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OPINION: Morocco and its AU ambitions

It was such a bad tempered and bitter departure 32 years ago that it is hardly surprising the return, if it happens at all, will be messy.

Morocco surprised many at the African Union summit in Kigali earlier this month, saying it wanted to join the African Union (AU).

The host, President Paul Kagame, was not among those taken aback.

He received Morocco's King Mohammed VI as an honoured guest in his capital earlier this year and conferred Rwanda's high civic honour on the man known as M6.

Neither, presumably, did Morocco's intention come out of the blue for the 28 African states that have supported the kingdom becoming a member of the AU.

Senegal is foremost among these.

President Macky Sall refers euphemistically to Morocco's "independence tussle" with Western Sahara.

He spells out that the kingdom wants the African-Union-recognised Saharawi Arab Democratic Republic (SADR) suspended from the African Union before it is admitted.

African powers like Algeria and South Africa find such a notion absolutely preposterous.

They take the conventional view that Morocco invaded the Western Sahara in 1976 and has been in illegal occupation of the country ever since.

The recognition of the SADR by the Organization of African Union (OAU) in 1984 caused Morocco to walk out in a high dudgeon.

The kingdom has elected to be the only African country not to be a member of the continental body.

It continued this stance in 2002 when the African Union evolved out of the OAU.

The AU position is that the Western Sahara is the last colonial question in Africa.

So, Morocco has to end its occupation of the SADR if it wants to join the AU.

It would be impossible to come into the African fold as a colonial oppressor.

And it certainly cannot expect to be embraced by the continent at the expense of an established AU member of the SADR.

The United States would like to see Morocco join the AU. It regards this as a "very important" step of a "strategic partner" of the US that would "benefit the whole continent".

However, Washington has steered clear of talking about Morocco's illegal occupation of an AU member.

In a message to the Kigali summit, King Mohammed VI said, "Morocco's friends have long been asking the kingdom to return among them so that Morocco may take its natural place within its institutional family. That time has now come."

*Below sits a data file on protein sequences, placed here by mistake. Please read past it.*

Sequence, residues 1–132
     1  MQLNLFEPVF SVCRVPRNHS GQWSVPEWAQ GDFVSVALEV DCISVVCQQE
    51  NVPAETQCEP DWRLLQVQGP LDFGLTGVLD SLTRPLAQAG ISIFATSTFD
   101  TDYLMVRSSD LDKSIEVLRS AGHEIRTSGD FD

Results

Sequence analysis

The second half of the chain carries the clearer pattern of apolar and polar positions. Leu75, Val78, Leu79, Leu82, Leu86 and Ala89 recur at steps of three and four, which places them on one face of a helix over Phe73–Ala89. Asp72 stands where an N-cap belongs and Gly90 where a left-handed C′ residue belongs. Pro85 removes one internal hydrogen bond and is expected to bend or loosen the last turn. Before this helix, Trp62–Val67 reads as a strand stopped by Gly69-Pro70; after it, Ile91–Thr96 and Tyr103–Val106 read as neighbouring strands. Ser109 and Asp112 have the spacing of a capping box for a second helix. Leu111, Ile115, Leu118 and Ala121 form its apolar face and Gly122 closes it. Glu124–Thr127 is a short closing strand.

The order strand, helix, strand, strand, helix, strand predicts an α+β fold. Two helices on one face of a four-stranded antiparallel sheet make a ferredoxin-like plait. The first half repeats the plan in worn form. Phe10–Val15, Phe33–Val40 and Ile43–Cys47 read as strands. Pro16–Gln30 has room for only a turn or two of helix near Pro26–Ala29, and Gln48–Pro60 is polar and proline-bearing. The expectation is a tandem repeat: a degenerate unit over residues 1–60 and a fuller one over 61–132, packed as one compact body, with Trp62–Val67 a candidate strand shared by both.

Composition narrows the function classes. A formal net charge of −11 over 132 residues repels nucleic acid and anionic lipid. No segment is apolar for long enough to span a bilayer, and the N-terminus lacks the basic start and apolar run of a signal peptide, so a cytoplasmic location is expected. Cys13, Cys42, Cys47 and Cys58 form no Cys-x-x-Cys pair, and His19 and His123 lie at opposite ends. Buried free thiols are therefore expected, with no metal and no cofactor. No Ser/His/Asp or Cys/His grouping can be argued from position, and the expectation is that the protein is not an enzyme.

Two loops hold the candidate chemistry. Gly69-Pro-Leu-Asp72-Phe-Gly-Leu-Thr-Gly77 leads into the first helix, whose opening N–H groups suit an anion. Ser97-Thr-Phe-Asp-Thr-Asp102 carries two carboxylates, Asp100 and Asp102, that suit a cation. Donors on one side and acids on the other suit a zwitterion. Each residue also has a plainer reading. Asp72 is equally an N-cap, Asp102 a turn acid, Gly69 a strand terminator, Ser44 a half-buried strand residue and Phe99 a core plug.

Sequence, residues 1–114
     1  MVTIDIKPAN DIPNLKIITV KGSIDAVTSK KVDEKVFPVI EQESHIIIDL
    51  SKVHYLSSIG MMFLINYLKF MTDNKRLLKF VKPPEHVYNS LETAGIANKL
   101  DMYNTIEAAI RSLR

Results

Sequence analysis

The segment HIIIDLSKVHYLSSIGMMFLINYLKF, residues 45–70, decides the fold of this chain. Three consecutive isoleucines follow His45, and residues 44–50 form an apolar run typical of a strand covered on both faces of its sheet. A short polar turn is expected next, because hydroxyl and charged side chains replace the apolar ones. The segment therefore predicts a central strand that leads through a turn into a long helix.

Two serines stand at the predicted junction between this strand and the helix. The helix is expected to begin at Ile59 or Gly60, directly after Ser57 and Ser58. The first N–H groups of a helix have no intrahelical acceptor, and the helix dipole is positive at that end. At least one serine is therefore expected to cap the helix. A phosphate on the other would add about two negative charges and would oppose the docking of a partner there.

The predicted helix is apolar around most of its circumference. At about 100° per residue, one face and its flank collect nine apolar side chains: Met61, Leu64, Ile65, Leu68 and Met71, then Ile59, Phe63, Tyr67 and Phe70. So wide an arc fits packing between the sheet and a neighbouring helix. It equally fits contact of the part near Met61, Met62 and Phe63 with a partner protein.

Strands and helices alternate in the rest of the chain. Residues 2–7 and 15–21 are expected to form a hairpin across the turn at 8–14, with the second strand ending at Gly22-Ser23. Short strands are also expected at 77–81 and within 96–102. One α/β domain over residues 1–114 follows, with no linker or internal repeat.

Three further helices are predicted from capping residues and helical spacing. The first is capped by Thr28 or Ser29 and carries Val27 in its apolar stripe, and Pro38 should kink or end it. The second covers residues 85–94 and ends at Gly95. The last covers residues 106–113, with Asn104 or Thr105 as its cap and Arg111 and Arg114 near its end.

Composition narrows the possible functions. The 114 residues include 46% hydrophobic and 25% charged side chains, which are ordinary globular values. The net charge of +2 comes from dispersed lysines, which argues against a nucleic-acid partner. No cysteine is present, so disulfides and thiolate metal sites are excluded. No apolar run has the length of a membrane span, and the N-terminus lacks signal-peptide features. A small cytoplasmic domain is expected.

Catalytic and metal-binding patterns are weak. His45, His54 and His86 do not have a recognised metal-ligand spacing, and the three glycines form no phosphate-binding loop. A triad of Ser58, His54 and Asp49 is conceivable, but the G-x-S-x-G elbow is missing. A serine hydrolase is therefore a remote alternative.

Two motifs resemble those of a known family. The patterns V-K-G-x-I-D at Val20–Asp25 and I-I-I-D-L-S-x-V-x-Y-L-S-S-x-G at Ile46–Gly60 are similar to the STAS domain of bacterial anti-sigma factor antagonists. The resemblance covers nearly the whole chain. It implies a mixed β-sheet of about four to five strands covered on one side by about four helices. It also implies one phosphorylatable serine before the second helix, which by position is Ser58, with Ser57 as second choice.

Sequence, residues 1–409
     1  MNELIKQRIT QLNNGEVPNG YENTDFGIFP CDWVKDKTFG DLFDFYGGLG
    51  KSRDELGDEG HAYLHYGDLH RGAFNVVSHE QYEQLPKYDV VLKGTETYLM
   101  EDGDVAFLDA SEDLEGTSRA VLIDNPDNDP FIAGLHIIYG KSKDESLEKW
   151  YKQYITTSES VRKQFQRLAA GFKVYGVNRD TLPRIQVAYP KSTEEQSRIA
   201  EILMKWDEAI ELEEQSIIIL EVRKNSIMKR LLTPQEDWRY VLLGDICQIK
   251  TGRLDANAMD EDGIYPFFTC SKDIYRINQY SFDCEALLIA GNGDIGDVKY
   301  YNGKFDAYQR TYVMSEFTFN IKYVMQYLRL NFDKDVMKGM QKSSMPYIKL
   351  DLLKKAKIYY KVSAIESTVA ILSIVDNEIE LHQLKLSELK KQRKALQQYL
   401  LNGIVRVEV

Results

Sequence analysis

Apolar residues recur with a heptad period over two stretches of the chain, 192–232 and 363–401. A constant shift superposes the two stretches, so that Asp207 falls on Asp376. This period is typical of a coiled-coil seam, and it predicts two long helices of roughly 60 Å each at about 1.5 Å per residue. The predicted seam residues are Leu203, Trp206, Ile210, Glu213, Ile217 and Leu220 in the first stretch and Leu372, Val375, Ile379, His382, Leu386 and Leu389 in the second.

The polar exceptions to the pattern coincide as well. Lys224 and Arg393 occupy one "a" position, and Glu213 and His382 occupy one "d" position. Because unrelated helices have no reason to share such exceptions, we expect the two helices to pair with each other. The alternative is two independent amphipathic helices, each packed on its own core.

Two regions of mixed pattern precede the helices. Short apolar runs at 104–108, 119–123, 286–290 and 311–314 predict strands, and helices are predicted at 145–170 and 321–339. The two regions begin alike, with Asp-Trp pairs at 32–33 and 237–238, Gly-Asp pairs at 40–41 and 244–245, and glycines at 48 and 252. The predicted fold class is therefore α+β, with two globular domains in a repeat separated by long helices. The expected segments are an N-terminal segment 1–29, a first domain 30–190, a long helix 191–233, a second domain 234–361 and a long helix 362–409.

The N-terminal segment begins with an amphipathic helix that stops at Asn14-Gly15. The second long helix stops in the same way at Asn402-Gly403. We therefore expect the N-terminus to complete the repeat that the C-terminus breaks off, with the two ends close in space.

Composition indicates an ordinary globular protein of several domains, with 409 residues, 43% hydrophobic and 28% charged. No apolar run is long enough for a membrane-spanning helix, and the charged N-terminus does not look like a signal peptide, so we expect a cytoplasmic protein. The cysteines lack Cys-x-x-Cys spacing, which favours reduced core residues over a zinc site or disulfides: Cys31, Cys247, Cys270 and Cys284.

The king said Morocco would join the AU without precondition - leaving it to its supporters to specify the desire for the expulsion of a member state.

The United Nation's Secretary General Ban Ki Moon refers to Morocco's presence in the Western Sahara as an occupation.

Saharawis have been driven into refugee camps in Algeria, resulting in a humanitarian crisis.

So angered was Morocco by the Secretary General's language that it expelled UN peacekeepers from areas of the occupied country under its control.

The action was denounced by the African Union for setting a "dangerous precedent" and threatening regional peace with recklessness and disregard for the Sahrawi people's right to self-determination,

The AU expects an apology from Morocco, adding that Morocco's membership of the AU cannot come without pre-conditions.

At the very least, Morocco would have to keep its promise made when a delicate peace was brokered with the Saharawi guerrillas known as the Polisario Front in 1991 to have a referendum in the SADR.

The Saharawi accept there may be a case to be made that no-one has a right to deny Morocco a seat in the African Union.

However, it is adamant that no-one has a right to deny the SADR its sovereignty if that is what its people desire.

"Modern Africa cannot pretend to be blind to modern colonialism, violent and vile in nature. This situation should be fixed. Welcome back Morocco, but there is a lot of work to be done."

Jean-Jacques Cornish is an Africa correspondent at Eyewitness News . Follow him on Twitter: @jjcornish

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